We utilized wide stance squats here, which are less quads and more hips, and it punishes a pitching technical fault as the lifter will not stand up if they pitch. We would do this only for a period of time and then bring the feet back in. Big surprise, the pitching improved immensely, and the squats went through the roof.
This goes against those EMG studies but supports what Sheiko and what Louie Simmons say about the role of the hamstrings and glutes in the squats. In fact, those studies showed almost no hamstring activity in the squats at all, leading to the conclusion that the hamstrings do not play a major role.
The 2 coaches I mentioned above have over 80 years of coaching world record holders and world champions. Do we just disregard what they say because of some EMG study? I did that once and will not do that again.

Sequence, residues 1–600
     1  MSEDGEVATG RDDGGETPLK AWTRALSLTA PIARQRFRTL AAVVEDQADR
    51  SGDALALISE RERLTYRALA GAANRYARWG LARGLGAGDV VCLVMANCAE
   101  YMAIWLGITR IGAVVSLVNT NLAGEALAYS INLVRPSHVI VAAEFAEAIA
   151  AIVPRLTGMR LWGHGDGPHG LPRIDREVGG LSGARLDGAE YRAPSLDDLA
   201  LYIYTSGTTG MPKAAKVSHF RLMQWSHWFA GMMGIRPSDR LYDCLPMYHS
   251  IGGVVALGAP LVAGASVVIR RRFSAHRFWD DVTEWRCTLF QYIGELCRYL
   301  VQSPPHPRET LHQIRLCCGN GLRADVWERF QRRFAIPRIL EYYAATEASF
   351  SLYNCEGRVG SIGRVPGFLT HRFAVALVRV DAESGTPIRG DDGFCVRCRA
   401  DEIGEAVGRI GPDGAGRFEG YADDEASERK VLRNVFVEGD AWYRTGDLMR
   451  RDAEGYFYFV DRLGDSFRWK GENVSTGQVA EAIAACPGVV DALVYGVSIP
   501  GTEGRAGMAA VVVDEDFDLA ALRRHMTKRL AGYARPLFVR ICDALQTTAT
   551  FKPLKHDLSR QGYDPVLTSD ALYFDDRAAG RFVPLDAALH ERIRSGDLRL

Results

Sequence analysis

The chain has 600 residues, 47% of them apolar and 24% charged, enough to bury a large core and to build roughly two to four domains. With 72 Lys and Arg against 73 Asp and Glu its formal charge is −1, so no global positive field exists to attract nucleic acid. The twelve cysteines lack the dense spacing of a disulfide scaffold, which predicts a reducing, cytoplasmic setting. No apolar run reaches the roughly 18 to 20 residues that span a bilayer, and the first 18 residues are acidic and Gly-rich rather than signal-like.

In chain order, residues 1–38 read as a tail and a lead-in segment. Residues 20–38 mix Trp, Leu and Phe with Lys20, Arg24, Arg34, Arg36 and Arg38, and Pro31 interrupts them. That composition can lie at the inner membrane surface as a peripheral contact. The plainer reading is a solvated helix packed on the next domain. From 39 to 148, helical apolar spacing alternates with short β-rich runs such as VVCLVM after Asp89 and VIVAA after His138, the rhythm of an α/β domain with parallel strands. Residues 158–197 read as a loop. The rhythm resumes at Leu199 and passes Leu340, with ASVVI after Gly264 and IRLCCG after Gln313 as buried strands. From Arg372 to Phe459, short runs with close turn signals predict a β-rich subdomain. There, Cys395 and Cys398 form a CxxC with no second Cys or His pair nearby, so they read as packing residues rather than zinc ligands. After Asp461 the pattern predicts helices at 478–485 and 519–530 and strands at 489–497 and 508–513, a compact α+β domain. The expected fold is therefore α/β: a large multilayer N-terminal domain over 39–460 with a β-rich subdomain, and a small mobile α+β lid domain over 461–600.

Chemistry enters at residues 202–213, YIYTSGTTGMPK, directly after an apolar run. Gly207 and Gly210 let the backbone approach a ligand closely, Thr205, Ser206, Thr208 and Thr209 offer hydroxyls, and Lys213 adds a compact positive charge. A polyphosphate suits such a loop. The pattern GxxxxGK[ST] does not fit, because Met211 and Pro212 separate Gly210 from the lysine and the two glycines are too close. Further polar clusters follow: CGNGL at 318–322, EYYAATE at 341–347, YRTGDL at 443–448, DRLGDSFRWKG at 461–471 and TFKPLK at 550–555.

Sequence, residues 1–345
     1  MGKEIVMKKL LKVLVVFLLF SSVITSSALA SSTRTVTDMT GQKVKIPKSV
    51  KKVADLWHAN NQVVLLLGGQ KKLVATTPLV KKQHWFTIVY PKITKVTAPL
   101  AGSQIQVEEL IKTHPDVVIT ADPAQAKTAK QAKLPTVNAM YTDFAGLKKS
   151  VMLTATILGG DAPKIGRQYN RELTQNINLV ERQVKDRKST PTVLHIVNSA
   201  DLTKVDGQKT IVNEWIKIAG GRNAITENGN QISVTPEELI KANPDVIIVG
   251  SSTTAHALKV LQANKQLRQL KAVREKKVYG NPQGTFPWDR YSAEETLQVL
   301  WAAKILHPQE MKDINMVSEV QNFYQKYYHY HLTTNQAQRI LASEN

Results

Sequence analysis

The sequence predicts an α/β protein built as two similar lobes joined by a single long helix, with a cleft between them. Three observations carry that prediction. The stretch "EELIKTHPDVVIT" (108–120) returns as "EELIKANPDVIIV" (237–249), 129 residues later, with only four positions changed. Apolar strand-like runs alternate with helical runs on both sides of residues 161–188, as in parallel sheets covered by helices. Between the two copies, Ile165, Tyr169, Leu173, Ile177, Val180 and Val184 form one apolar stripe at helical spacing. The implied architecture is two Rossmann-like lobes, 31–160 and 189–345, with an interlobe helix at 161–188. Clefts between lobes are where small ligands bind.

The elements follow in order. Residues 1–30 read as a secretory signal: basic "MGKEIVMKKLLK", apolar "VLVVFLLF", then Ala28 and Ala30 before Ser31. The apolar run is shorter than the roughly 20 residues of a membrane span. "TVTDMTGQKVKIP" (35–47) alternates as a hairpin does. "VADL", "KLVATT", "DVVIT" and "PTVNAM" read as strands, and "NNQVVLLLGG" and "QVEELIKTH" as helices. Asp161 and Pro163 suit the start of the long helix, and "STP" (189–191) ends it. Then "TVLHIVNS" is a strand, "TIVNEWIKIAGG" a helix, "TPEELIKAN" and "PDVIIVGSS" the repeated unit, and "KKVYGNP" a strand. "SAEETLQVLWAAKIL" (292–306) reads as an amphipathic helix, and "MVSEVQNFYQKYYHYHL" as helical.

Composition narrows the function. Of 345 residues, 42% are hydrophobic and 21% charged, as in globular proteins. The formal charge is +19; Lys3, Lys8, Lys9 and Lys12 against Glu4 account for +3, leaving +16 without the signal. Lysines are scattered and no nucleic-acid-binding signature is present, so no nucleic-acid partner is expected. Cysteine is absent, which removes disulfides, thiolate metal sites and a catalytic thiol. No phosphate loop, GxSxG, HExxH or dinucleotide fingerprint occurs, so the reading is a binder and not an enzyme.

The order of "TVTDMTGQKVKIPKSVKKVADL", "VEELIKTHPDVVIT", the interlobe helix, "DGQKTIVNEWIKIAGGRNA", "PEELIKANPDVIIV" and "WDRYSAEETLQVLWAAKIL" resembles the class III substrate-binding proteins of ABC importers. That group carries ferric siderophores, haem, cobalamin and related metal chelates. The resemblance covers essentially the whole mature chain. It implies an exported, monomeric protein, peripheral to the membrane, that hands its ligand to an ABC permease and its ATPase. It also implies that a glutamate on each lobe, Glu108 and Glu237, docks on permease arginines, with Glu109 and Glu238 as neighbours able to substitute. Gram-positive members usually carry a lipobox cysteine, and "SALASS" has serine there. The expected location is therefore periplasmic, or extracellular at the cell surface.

In my post I was explaining a typical cause of pitching forward. Many lifters will drive the knees forward hard to initiate the squat. This loads the weight onto the quads. In fact, on my post, my lifter was doing box squats for a max effort exercise. She sat back well to initiate the squat, but halfway down she drove the knees forward hard.
This is a sign of weak hips, not weak quads. On this set, she had a little bit of pitching off of the box. If she had driven the knees forward hard from the start the pitching would be worse. Just like a deadlift, we need to load the hips, hamstrings, and back before the concentric.
If we do not do that for a deadlift, the lifter will pitch forward. Why would the squat be different? When my lifter pitched forward off of the box, the quads actually get it moving, and I believe the hips can’t handle the transfer of force. It is no surprise that these technical faults are shared between the squat and the deadlift.